A week after the night she chases but fails to catch a mysterious trespasser outside her town house, some unknown party texts Tempe four images of a corpse that looks as if it’s been chewed by wild hogs, because it has been. Showboat Medical Examiner Margot Heavner makes it clear that, breaking with her department’s earlier practice (The Bone Collection, 2016, etc.), she has no intention of calling in Tempe as a consultant and promptly identifies the faceless body herself as that of a young Asian man. Nettled by several errors in Heavner’s analysis, and even more by her willingness to share the gory details at a press conference, Tempe launches her own investigation, which is not so much off the books as against the books. Heavner isn’t exactly mollified when Tempe, aided by retired police detective Skinny Slidell and a host of experts, puts a name to the dead man. But the hints of other crimes Tempe’s identification uncovers, particularly crimes against children, spur her on to redouble her efforts despite the new M.E.’s splenetic outbursts. Before he died, it seems, Felix Vodyanov was linked to a passenger ferry that sank in 1994, an even earlier U.S. government project to research biological agents that could control human behavior, the hinky spiritual retreat Sparkling Waters, the dark web site DeepUnder, and the disappearances of at least four schoolchildren, two of whom have also turned up dead. And why on earth was Vodyanov carrying Tempe’s own contact information? The mounting evidence of ever more and ever worse skulduggery will pull Tempe deeper and deeper down what even she sees as a rabbit hole before she confronts a ringleader implicated in “Drugs. Fraud. Breaking and entering. Arson. Kidnapping. How does attempted murder sound?”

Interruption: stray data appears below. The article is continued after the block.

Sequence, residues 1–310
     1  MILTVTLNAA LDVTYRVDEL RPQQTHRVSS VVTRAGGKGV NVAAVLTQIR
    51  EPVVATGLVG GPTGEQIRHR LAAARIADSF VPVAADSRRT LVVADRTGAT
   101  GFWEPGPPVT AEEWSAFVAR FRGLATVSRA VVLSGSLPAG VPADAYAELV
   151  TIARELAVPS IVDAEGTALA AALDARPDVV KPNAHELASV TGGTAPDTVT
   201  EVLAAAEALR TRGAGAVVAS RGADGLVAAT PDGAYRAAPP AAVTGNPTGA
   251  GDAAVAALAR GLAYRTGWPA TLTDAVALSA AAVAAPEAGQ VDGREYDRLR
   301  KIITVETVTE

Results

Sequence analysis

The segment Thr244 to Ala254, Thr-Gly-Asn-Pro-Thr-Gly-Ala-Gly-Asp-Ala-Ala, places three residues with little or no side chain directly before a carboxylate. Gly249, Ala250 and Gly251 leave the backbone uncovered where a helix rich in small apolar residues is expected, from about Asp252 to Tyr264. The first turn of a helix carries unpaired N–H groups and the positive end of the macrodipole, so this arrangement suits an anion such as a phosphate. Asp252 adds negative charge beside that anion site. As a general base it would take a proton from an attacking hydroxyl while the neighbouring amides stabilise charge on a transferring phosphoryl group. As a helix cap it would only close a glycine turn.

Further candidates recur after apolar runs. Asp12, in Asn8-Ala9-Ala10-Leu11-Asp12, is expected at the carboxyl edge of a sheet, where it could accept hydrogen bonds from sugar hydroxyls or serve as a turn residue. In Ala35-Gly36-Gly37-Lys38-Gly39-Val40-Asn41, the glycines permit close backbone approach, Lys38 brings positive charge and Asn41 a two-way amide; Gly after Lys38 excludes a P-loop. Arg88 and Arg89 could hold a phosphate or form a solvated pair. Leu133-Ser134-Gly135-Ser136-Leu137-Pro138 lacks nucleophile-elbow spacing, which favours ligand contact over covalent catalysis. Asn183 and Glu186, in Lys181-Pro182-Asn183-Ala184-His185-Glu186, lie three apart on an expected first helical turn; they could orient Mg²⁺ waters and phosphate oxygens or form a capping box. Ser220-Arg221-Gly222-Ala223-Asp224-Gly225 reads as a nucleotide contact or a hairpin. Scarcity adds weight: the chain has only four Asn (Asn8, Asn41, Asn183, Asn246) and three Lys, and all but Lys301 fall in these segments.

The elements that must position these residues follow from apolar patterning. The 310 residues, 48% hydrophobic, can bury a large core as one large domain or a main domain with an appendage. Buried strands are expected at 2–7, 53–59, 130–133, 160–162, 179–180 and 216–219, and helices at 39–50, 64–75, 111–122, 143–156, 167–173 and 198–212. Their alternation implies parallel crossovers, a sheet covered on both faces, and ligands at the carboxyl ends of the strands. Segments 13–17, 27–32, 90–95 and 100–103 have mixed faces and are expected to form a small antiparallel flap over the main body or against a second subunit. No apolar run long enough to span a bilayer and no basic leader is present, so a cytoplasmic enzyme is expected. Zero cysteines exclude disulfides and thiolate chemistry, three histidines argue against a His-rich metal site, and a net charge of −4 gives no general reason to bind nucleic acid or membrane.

Forget about solving all these crimes; the signal triumph here is (spoiler) the heroine’s survival.

Pub Date: March 17, 2020

ISBN: 978-1-9821-3888-2

Page Count: 352

Publisher: Scribner

Review Posted Online: Dec. 22, 2019

Kirkus Reviews Issue: Jan. 15, 2020

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A FLICKER IN THE DARK

The story is sadly familiar, the treatment claustrophobically intense.

Twenty years after Chloe Davis’ father was convicted of killing half a dozen young women, someone seems to be celebrating the anniversary by extending the list.

No one in little Breaux Bridge, Louisiana, was left untouched by Richard Davis’ confession, least of all his family members. His wife, Mona, tried to kill herself and has been incapacitated ever since. His son, Cooper, became so suspicious that even now it’s hard for him to accept pharmaceutical salesman Daniel Briggs, whose sister, Sophie, also vanished 20 years ago, as Chloe’s fiance. And Chloe’s own nightmares, which lead her to rebuff New York Times reporter Aaron Jansen, who wants to interview her for an anniversary story, are redoubled when her newest psychiatric patient, Lacey Deckler, follows the path of high school student Aubrey Gravino by disappearing and then turning up dead. The good news is that Dick Davis, whom Chloe has had no contact with ever since he was imprisoned after his confession, obviously didn’t commit these new crimes. The bad news is that someone else did, someone who knows a great deal about the earlier cases, someone who could be very close to Chloe indeed. First-timer Willingham laces her first-person narrative with a stifling sense of victimhood that extends even to the survivors and a series of climactic revelations, at least some of which are guaranteed to surprise the most hard-bitten readers.

The story is sadly familiar, the treatment claustrophobically intense.

Pub Date: Jan. 11, 2022

ISBN: 978-1-2508-0382-5

Page Count: 368

Publisher: Minotaur

Review Posted Online: Sept. 14, 2021

Kirkus Reviews Issue: Oct. 1, 2021